Locking up the key

Myki have big plans to beef up your online security

The team behind Myki (Greg Demarque | Executive)
Reading Time: 4 minutes

Identity protection is a huge and ever growing need in the knowledge economy. Ki, which was initially conceived as a hardware authentication token for password storage by its founders Priscilla Elora Sharuk and Antoine Jebara, is a Lebanese solution for identity protection. Executive caught up with Sharuk to see how the startup has progressed since we last met.

E   When we met to evaluate Ki for the 2014 entrepreneurship list, you were about to travel to Helsinki for an accelerator program called Startup Sauna and were a bit worried about the Nordic temperatures there. How was your experience as a budding Lebanese entrepreneur there and what has happened since?

PES: I survived the cold and the program was wonderful. It is one thing to gain credibility here and an entirely different thing to get it abroad, especially when it comes to a field like identity protection. Seeing the concept given credibility by people who have worked in this space internationally and hear them say ‘you are onto something big’ gave me the guts to come back and say that this deserves to be done all-out. From that point I went full-time myki, which is how we renamed ourselves from Ki for legal incorporation reasons and also to make it more personal. The biggest thing that happened since was a massive pivot from hardware to software.

E   In what way?

Ki was a hardware device, a token where I would swipe my fingerprint and select the service from a screen [for storing passwords]. Prototyping and editing the tokens here [in Lebanon] would take time and we found that it was very difficult [for logistics reasons]. In addition, our market research showed that people understood the value of the product but said they didn’t want to carry an extra token in their wallet. So we thought, why not take the same technology and incorporate it into the one item that you always have with you – your mobile phone.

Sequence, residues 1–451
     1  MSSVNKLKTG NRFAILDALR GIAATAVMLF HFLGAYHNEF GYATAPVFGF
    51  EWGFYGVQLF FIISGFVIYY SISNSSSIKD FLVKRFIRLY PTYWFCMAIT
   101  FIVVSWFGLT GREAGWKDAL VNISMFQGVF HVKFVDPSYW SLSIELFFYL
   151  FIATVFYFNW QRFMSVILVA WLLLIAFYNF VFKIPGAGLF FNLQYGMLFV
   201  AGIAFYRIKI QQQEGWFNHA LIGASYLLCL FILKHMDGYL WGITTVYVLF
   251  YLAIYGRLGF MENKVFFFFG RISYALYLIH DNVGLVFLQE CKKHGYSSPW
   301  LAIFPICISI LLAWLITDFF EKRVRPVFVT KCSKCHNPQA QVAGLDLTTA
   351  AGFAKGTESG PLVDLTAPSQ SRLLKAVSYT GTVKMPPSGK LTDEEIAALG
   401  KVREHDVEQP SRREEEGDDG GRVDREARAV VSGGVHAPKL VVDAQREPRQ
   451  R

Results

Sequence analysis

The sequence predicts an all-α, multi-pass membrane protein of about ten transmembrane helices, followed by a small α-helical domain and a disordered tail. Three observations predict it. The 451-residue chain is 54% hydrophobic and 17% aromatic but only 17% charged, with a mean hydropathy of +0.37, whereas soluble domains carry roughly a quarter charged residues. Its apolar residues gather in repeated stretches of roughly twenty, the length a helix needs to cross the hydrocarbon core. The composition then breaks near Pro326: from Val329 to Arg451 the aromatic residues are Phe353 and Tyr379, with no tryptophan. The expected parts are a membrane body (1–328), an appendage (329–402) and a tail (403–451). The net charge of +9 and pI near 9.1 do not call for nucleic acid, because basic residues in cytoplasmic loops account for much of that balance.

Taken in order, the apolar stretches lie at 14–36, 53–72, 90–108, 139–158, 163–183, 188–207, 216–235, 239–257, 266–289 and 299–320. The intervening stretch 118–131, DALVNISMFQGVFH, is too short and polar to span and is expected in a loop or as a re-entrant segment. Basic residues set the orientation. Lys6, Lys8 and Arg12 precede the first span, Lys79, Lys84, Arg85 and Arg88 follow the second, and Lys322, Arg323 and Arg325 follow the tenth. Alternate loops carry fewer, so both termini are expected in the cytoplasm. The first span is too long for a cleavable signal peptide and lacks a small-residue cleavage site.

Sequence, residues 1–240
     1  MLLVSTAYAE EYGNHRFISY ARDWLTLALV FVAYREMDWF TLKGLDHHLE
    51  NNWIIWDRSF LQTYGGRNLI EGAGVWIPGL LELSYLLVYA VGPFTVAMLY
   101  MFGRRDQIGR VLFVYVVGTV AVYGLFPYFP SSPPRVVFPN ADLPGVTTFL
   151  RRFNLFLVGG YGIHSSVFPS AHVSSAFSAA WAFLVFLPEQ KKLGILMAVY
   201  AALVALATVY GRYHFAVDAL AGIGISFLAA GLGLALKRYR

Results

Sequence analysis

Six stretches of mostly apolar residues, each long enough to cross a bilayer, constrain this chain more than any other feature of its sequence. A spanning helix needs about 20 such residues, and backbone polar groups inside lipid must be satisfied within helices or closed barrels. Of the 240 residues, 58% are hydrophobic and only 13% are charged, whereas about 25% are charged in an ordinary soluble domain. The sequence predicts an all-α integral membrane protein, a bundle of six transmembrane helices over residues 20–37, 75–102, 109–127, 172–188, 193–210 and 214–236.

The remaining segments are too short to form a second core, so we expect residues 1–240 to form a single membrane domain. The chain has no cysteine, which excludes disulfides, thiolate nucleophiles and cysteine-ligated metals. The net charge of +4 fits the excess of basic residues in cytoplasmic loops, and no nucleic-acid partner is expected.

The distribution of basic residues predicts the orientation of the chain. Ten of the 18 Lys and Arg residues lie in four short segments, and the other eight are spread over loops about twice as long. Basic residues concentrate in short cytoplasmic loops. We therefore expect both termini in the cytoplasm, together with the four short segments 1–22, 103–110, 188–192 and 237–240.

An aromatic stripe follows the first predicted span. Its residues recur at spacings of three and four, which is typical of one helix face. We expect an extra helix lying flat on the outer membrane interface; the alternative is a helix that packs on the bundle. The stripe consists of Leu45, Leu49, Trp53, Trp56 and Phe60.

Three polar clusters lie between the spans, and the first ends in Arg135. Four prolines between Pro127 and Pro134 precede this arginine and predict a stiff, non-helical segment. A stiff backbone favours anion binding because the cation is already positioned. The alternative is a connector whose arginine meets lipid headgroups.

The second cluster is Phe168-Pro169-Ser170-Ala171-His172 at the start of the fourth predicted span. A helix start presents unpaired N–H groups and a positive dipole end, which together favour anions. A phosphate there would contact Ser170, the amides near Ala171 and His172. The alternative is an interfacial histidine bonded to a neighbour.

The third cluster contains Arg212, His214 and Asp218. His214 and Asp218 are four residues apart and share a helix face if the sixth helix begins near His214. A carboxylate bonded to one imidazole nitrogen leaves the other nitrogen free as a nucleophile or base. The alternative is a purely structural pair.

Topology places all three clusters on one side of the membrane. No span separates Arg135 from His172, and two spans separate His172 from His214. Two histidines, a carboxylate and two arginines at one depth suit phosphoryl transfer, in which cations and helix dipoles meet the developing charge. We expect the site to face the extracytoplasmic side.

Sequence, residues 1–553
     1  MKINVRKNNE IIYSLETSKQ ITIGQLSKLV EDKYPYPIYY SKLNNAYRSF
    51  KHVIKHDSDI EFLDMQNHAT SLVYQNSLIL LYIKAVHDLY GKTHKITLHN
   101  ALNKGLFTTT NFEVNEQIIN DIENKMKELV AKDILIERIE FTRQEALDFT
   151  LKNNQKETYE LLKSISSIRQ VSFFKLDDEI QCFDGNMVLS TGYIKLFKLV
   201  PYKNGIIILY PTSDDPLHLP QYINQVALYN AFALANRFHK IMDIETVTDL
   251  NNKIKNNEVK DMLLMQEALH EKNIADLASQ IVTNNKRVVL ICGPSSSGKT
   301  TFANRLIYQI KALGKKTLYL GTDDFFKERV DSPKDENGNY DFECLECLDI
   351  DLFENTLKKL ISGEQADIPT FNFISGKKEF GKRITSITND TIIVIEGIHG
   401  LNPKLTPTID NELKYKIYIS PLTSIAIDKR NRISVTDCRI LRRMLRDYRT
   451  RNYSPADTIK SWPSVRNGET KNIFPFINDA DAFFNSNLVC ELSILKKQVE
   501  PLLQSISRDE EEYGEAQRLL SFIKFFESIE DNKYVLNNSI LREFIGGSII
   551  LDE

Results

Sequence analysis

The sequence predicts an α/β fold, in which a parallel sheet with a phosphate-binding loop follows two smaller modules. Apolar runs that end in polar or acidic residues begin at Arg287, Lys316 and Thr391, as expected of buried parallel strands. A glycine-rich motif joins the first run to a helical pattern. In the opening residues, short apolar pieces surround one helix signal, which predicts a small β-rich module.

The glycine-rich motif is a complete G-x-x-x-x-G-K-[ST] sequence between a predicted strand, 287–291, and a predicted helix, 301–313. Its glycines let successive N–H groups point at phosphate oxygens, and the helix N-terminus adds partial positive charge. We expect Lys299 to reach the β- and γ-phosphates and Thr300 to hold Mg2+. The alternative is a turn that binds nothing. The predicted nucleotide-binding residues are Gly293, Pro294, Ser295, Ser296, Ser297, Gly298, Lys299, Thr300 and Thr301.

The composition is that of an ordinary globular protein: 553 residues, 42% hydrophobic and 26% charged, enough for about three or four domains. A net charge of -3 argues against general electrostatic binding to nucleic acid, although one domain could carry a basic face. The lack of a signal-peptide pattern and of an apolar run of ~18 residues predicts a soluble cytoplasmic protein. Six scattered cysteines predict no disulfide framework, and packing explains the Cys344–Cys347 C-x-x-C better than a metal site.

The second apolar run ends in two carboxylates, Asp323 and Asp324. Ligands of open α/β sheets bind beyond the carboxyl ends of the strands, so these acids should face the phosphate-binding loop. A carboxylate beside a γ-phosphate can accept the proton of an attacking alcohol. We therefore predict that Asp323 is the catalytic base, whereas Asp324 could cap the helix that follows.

E   How did the change to a software solution impact your business proposition and costs?

We are now totally focused on enterprise software as a service – SAS. This represents different challenges from hardware solutions but it is definitely easier to manage the challenges on the software side rather than dealing with the manufacturing which is a very difficult thing to do, especially when you do not have enough talent around you meaning that you have to outsource [manufacturing]. Not having to produce hardware devices means that I am free.

E   Production of the tokens in Lebanon was never on the table?

It was never an option.

E   What were the main challenges that the shift has brought?

One of the biggest challenges that we noticed in the region is education. Once people see the product they ask, ‘when can I have it?’ But can I say that people understand the value and the risk of a cyber breach in MENA as much as they do in Europe and the United States? No.

[pullquote]It is one thing to gain credibility here and an entirely different thing to get it abroad[/pullquote]

E   Do you see limits of growth and is it your strategy to serve mainly the MENA market or do you want to go global?

No, we are not focused only on MENA and of course we want to go global. We would like to be the leading identity management platform on the market.

E   You have succeeded in gaining equity participations, one of which was announced last month. Can you tell us who the partners are and how much capital they are injecting?

The investment is for $600,000 and comes from B&Y Ventures here [in Lebanon] and BECO Capital in Dubai.

E   The participation is equal between the two?

Yes. We initially wanted to go with one investor but because Dubai is an important market for us, it was strategic for us to have an investment from Dubai and say this is an entry into a new market and access to a new network and more support for the team. Until last year, we were two [people], Antoine and myself. We have since grown to seven. So it is moving at a pretty rapid pace and when we talk about moving global, we are starting here as a test market and then into Dubai and then Europe, the United States and the rest of the world.

E   Was the equity deal driven by Circular 331 or outside of the framework?

The B&Y part of the participation is part of the 331 framework; the BECO portion is not, because it is money coming in from Dubai.

E   Do you already anticipate undertaking later funding rounds?

When doing that round we were looking at an 18-month runway but we already have two VCs who are saying, ‘When you raise again, we would like to be a part of it’. One of them is a Lebanese VC and the other is a Silicon Valley-based VC.

E   Where do you see myki’s future?

A multi-billion dollar company.

E   You want to be a multi-billion dollar company?

We will be a multi-billion dollar company.

E   Moving along that road, where and at what valuation do you expect to be in five years?

That is a very big question. If you ask me where I will be in five years and ask me about a value, that is a question I cannot answer but I know that it is going to be massive. That is what I work for.

Thomas Schellen

Thomas Schellen is Executive's editor-at-large. He has been reporting on Middle Eastern business and economy for over 20 years. Send mail